Japan's government on 4 March partially lifted an entry ban for Futuba, the last town that had been off-limits due to radiation since the Fukushima nuclear disaster in 2011.
The measure comes weeks before the Olympic torch procession starts in another town in Fukushima.
The torch could also pass through Futaba, some 4 kilometres from the Fukushima Daiichi nuclear power plant. All 7000 inhabitants of the town had been forced to evacuate and unrestricted access is being allowed only in a 2.4-square kilometre area near the main railway station, which will reopen later in March.
Access to most of Futaba is still only allowed for those who receive permission for a day visit. Key infrastructure is still being rebuilt, and residents will only be permitted to return to live there in 2022.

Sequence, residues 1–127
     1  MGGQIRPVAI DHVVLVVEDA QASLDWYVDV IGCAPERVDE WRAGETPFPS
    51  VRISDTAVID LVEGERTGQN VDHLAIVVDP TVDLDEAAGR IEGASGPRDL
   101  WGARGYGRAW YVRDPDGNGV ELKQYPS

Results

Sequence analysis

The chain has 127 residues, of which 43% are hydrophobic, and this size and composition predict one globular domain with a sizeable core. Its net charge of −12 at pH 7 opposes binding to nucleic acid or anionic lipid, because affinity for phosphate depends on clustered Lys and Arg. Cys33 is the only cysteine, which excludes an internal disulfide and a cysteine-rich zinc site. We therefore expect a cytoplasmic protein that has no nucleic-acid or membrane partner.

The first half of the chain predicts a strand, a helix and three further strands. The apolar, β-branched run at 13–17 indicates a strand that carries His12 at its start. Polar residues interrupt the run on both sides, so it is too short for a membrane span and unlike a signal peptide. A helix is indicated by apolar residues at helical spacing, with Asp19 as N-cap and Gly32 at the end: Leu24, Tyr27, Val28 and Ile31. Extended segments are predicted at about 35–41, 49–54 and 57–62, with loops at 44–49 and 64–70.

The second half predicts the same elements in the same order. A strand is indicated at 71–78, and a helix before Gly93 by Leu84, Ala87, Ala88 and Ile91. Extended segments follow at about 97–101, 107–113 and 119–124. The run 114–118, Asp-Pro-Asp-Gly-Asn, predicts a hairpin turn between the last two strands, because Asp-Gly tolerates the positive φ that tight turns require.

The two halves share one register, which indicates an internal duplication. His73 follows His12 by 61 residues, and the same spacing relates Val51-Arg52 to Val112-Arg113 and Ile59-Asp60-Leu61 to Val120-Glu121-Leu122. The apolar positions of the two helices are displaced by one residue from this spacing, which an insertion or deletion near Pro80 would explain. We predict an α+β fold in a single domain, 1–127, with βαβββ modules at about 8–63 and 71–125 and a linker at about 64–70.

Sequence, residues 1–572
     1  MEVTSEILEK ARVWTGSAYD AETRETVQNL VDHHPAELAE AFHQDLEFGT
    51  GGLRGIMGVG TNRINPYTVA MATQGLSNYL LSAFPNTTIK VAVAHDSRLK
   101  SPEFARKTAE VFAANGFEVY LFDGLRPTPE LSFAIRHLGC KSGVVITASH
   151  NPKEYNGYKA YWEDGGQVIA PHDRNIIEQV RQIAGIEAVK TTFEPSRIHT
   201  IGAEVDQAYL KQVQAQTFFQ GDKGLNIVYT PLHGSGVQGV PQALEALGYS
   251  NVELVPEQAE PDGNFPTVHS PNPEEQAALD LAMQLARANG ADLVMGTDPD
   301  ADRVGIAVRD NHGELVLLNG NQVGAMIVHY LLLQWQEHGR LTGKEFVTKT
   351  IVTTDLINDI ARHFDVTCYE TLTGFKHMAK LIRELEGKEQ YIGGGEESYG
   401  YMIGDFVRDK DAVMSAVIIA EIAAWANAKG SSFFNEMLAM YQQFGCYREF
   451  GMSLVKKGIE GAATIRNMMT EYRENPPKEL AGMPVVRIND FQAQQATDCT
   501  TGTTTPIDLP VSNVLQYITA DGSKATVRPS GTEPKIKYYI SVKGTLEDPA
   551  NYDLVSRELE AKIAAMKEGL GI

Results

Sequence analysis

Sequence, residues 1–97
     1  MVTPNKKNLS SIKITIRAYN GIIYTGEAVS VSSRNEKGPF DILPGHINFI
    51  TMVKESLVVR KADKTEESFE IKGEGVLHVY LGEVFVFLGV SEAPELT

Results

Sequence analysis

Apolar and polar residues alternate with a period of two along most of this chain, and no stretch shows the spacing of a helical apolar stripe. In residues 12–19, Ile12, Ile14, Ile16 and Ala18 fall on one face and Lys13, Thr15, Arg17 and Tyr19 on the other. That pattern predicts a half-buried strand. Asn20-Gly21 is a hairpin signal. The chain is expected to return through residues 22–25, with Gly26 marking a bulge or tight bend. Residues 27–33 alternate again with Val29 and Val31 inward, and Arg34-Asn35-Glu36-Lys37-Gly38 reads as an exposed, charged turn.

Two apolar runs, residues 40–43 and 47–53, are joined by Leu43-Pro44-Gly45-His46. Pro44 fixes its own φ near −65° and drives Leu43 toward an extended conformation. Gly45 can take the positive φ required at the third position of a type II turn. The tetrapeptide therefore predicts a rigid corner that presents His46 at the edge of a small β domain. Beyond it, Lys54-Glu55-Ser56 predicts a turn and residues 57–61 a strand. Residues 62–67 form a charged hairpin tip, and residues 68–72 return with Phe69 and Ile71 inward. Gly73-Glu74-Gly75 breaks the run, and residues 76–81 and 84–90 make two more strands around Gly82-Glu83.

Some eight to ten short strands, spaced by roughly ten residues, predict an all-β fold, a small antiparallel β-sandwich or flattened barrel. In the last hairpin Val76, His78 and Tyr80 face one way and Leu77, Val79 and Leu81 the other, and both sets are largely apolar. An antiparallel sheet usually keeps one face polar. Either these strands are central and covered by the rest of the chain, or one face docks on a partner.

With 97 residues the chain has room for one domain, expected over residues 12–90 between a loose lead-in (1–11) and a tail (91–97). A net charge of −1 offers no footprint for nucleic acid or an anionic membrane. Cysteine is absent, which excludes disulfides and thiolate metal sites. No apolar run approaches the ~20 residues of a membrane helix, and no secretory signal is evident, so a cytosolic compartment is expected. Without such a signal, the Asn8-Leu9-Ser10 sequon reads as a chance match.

In 2018, Japanese authorities completed the decontamination of most of the areas affected by the accident. However, officials said prospects for the return of Futaba’s former residents are grim because of continuing concern about radiation.
Many residents have found new jobs and communities, and only about 10% say they plan to return. Almost 165,000 people had been evacuated by May 2012 and many have now returned to their homes. However,
more than 50,000 have not gone back.